1. Teams finishing 6–6 with one win against a team from the lower Football Championship Subdivision (FCS), regardless of whether that FCS school meets NCAA scholarship requirements. Until now, an FCS win counted only if that opponent met the scholarship requirements—specifically, that school had to award at least 90% of the FCS maximum of 63 scholarship equivalents over a two-year period. In the 2012 season, programs in four FCS conferences cannot meet the 90% requirement (56.7 equivalents)—the Ivy League, which prohibits all athletic scholarships; the Pioneer Football League and Georgetown, which do not currently award football scholarships; and the Northeast Conference, which limits football scholarships to 38 equivalents.
  2. 6–6 teams with two wins over FCS schools.
  3. Teams that finish 6–7 with loss number seven in their conference championship game (that has been eliminated by the conference championship waiver rule).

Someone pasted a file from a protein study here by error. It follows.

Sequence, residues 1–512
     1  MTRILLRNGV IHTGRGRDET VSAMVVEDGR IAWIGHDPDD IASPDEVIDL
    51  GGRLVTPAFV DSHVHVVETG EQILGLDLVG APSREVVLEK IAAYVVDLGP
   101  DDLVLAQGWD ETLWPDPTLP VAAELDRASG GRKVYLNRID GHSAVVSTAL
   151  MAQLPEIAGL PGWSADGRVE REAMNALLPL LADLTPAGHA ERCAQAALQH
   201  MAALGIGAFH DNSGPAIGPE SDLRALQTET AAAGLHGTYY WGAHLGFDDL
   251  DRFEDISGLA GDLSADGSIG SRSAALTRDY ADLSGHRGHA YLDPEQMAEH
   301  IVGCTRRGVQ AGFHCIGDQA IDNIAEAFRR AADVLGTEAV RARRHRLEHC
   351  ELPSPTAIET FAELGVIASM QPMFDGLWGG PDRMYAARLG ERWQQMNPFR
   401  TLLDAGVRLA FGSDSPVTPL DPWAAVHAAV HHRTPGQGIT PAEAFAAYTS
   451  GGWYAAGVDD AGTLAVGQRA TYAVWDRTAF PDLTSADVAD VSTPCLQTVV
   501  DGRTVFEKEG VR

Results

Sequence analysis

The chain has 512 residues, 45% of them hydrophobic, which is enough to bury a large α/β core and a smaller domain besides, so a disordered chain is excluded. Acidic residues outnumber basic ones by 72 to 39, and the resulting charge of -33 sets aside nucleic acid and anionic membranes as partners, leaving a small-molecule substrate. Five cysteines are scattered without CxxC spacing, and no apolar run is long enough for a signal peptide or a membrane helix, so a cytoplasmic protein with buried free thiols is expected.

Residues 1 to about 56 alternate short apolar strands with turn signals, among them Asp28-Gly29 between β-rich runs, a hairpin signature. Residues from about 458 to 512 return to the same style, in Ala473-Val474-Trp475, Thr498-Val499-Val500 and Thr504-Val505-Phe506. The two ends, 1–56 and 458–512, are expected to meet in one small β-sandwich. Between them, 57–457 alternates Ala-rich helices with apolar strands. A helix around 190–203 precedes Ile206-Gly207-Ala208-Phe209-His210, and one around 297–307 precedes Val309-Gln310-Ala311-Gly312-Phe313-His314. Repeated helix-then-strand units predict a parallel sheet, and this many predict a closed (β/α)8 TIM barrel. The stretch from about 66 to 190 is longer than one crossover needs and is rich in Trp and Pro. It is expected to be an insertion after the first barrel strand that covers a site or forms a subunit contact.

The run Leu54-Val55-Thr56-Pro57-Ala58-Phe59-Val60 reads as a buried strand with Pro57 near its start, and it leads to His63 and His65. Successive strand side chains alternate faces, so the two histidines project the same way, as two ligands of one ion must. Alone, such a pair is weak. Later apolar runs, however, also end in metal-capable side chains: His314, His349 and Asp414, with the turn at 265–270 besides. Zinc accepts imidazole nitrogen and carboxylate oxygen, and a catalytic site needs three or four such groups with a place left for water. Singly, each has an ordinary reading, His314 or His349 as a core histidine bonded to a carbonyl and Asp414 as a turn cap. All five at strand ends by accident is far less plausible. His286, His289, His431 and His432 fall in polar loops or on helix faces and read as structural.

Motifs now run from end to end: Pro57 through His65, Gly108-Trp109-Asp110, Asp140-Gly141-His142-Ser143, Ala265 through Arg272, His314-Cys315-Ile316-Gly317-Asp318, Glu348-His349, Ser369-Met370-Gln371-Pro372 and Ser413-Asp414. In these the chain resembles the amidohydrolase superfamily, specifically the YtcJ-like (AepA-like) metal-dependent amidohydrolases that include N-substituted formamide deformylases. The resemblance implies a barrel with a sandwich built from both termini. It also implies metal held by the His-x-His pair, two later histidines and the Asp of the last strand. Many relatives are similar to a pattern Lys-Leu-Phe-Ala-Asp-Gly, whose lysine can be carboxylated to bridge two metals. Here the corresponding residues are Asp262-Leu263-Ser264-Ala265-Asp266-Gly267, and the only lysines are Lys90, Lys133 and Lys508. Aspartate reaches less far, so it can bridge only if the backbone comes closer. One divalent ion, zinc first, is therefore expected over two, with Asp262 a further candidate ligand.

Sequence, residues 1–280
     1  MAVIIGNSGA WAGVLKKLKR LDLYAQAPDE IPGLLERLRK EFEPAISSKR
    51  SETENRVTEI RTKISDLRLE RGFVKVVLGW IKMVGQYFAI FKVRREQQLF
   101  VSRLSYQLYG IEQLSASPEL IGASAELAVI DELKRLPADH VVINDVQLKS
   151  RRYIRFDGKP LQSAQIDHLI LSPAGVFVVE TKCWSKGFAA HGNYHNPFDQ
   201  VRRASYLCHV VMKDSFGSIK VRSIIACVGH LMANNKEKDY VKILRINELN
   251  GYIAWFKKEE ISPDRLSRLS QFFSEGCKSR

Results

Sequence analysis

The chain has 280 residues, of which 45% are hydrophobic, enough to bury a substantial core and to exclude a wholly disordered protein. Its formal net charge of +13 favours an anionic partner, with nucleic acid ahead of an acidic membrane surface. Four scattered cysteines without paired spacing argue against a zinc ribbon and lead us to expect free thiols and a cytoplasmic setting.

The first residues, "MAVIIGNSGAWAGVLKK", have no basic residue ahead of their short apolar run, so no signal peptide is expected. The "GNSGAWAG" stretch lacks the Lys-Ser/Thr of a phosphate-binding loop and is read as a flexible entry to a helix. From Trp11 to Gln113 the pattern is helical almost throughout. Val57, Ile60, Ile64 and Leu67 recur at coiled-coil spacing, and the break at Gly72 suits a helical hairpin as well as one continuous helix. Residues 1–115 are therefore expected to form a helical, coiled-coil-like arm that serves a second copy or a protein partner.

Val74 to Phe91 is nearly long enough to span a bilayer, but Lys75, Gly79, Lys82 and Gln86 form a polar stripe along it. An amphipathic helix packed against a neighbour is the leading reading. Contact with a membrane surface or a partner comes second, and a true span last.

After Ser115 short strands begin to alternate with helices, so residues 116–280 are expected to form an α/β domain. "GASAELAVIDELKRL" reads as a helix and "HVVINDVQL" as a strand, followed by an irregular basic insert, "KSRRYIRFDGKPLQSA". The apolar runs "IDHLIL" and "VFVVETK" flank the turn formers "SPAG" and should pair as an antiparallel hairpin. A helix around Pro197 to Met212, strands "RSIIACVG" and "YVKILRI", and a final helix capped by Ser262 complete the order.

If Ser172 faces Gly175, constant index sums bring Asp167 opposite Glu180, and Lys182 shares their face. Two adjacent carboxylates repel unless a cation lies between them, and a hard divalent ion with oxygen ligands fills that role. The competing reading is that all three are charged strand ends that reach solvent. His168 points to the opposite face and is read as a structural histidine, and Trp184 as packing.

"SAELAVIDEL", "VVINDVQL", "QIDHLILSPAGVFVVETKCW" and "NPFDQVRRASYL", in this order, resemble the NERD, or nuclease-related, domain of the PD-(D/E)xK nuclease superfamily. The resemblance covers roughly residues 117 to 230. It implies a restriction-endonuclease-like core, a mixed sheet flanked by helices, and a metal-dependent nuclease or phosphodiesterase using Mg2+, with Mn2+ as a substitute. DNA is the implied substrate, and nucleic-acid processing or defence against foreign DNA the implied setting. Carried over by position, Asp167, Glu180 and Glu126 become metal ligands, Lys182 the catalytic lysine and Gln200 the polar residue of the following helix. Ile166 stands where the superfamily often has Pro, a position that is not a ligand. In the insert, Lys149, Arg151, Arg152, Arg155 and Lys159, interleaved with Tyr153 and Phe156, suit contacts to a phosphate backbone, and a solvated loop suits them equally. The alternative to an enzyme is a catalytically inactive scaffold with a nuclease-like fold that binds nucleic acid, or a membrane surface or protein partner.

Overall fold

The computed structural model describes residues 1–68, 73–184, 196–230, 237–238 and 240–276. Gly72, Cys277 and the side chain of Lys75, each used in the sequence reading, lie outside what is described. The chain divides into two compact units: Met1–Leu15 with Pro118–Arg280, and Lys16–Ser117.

4. 6–7 teams that normally play a 13-game schedule, such as Hawaii and their home opponents. The NCAA permits Hawaii to play an additional game during the regular season to recoup its unusually high travel costs to and from the mainland.[12] The team's opponents who play at Hawaii each season are also allowed one more game than their normal limit.[13]
  5. FCS teams who are in the final year of the two-year FBS transition process, if they have at least a 6–6 record.
  6. Finally, 5–7 teams that have a top-five Academic Progress Rate (APR) score. This was later adjusted to allow other 5–7 teams to be selected thereafter—in order of their APR.[11]

The 2015–16 bowl season featured a record 40 bowl games, and three teams with losing records (San Jose State, Minnesota, and Nebraska; each 5–7).[14] Despite this, the Arizona Bowl was unable to fill teams via its Conference USA or alternate Sun Belt Conference tie-ins, leading to both teams being from the Mountain West Conference, marking the first time since the 1979 Orange Bowl that a non-championship bowl game was played between members of the same conference.[15]